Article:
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HIV Education for the Next Generation

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There was a joint report out this winter from the Prevention Access Campaign and Merck, which uncovered alarmingly widespread ignorance and stigma around HIV from young people.

The answers from both millennials and Gen Z (a generation we often talk about being more open, inclusive, and diverse than any before) were heartbreaking.

Over a quarter of HIV-negative millennials (those between the ages of 23 and 36) say they avoid hugging, talking, or even being friends with someone who is living with HIV. Thirty percent avoid interacting socially with someone with HIV. One in three Black and Latinx millennials also avoid shaking hands or sharing drinks or utensils with someone living with HIV.

Considering that one cannot acquire HIV through any of those means, these widespread fears are a testament to the absence of updated education around HIV.

In the “Owning HIV: Young Adults and the Fight Ahead” study, Gen Zs fared worse. Forty-one percent of those who were 18-22 years old were either “not at all informed” or only “somewhat informed” about HIV.

This is why the work of the Prevention Access Campaign and its founding director, Bruce Richman, is so critical. For the last several years, PAC has recruited scientists, doctors, and activists to help spread the now nearly-universally accepted message about U=U (or undetectable equals untransmittable).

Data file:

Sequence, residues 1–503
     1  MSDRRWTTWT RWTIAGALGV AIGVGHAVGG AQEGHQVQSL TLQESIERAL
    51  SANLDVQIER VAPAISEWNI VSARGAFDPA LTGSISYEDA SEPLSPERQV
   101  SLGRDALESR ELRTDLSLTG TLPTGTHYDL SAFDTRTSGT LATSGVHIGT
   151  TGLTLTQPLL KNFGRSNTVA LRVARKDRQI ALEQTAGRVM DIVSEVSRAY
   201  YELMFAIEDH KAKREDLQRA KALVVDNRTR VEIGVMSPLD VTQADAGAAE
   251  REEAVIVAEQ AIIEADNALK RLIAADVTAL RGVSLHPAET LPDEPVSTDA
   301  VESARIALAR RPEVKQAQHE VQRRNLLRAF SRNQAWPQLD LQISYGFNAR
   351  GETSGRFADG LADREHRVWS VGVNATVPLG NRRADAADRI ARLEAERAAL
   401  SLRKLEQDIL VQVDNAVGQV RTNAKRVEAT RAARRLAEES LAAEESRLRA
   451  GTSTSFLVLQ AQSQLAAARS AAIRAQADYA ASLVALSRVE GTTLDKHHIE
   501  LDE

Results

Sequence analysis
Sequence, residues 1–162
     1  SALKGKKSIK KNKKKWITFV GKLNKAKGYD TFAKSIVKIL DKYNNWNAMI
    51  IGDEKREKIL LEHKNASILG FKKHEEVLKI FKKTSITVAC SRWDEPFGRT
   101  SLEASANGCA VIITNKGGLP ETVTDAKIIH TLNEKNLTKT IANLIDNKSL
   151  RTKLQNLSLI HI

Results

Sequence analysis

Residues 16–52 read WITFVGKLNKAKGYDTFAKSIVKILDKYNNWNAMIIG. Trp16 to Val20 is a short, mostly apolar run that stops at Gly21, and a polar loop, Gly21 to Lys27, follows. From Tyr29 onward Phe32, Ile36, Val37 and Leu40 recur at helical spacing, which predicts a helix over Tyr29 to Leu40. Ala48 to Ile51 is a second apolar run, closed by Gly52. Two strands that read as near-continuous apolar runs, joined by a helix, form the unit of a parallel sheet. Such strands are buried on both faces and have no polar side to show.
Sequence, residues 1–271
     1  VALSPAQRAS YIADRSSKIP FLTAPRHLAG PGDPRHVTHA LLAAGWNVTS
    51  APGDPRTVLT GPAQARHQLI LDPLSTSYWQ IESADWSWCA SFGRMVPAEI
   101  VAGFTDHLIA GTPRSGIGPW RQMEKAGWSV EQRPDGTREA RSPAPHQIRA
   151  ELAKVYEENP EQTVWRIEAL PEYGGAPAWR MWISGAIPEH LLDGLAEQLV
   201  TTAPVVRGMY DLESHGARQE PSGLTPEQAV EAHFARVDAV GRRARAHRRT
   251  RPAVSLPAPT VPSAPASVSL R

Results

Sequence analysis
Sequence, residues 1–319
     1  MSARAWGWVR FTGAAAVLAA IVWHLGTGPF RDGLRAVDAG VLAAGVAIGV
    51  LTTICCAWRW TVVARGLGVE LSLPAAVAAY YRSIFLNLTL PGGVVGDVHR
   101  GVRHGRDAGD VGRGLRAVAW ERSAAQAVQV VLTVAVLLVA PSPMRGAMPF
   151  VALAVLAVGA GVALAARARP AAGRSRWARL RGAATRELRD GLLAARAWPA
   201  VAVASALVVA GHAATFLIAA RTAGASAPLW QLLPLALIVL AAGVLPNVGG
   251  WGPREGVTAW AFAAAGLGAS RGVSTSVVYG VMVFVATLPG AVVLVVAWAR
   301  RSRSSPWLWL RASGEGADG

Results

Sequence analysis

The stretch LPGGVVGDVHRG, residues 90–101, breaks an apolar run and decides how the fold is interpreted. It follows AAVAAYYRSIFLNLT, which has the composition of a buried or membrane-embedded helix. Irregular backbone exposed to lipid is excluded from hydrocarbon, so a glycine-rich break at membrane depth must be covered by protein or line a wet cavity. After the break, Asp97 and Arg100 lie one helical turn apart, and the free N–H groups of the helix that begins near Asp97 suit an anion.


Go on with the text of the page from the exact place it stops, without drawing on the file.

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U=U has been endorsed by scientists worldwide, including the Centers for Disease Control and Prevention, the U.S. federal government’s health protection agency.

Still, many people have never heard (or refuse to believe) that people living with HIV who are on treatment cannot transmit HIV once they reach and maintain an undetectable viral load.

Richman has been the driving force behind getting that message out, and he and PAC deserve accolades for spearheading the drive to educate the world about what is one of the most significant medical breakthroughs around HIV in years. U=U is stigma busting and it offers a clear path to end the epidemic.

Plus has been covering Richman’s work for almost a decade, and at this point I am proud to call him a friend. But that doesn’t influence the magnitude of what he and dozens of other U=U ambassadors have pulled off. While there is much more to do, as many of the folks profiled in our latest issue will attest, we just want to stop and marvel at where we are now.

If we can get everyone access to treatment and money to pay for it — a tall task, I know — most people could reach undetectable levels and never again have to worry about how (or who) they love.

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